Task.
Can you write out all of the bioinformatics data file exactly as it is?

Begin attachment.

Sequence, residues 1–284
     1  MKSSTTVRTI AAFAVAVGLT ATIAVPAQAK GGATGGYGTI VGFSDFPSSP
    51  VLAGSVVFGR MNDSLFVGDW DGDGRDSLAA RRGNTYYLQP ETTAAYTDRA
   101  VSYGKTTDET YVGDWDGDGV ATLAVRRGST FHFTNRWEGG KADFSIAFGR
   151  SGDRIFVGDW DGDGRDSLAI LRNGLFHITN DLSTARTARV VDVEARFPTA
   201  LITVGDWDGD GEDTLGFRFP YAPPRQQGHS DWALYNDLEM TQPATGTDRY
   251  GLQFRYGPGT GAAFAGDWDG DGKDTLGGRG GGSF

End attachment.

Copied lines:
Sequence, residues 1–284
     1  MKSSTTVRTI AAFAVAVGLT ATIAVPAQAK GGATGGYGTI VGFSDFPSSP
    51  VLAGSVVFGR MNDSLFVGDW DGDGRDSLAA RRGNTYYLQP ETTAAYTDRA
   101  VSYGKTTDET YVGDWDGDGV ATLAVRRGST FHFTNRWEGG KADFSIAFGR
   151  SGDRIFVGDW DGDGRDSLAI LRNGLFHITN DLSTARTARV VDVEARFPTA
   201  LITVGDWDGD GEDTLGFRFP YAPPRQQGHS DWALYNDLEM TQPATGTDRY
   251  GLQFRYGPGT GAAFAGDWDG DGKDTLGGRG GGSF